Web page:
Vulnerability derives from the Latin word vulnerare (to be wounded) and describes the potential to be harmed physically and/or psychologically. Vulnerability is often understood as the counterpart of resilience, and is increasingly studied in linked social-ecological systems. The Yogyakarta Principles, one of the international human rights instruments use the term "vulnerability" as such potential to abuse or social exclusion.
Vulnerability refers to the inability of a worker or a group of workers to withstand the effects of a hostile work environment.
A window of vulnerability (WoV) is a time frame within which defensive measures are reduced, compromised or lacking. In windows of vulnerability – like the preparation for a movement of a workshop in parallel with the normal performance of the work ,workers are more prone to occupational accidents and incidents.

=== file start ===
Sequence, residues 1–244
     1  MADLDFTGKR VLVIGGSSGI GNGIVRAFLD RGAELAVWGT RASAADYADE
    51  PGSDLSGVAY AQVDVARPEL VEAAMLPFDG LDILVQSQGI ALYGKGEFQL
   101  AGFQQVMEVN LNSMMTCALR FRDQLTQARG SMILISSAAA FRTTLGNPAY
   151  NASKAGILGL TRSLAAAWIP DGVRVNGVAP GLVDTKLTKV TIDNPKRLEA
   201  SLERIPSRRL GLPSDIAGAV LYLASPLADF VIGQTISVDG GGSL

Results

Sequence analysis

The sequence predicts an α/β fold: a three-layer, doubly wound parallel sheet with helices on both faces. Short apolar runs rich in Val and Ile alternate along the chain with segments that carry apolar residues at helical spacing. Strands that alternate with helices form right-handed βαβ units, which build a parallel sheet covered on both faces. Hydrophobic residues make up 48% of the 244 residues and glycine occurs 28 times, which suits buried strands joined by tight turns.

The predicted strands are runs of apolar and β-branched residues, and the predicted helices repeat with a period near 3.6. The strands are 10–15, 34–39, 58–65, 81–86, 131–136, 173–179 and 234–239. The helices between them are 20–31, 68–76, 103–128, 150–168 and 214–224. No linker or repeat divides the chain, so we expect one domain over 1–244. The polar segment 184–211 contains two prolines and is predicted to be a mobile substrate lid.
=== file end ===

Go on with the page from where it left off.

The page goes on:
In relation to hazards and risks, vulnerability is a concept that unifies the relationship that people have with their environment to social forces and institutions and the cultural and other kind of values(habbit,etc.) that sustain or contest them. “The concept of vulnerability expresses the multi-dimensionality of disasters by focusing attention on the totality of relationships in a given social situation which constitute a condition that, in combination with environmental forces, produces a disaster”
It's also the extent to which changes could harm a work system, or to which the community can be affected by the impact of a hazard.
A short presentation (the paper was shown at the 5 th iNTeg-Risk Conference in May 2013) could be found here.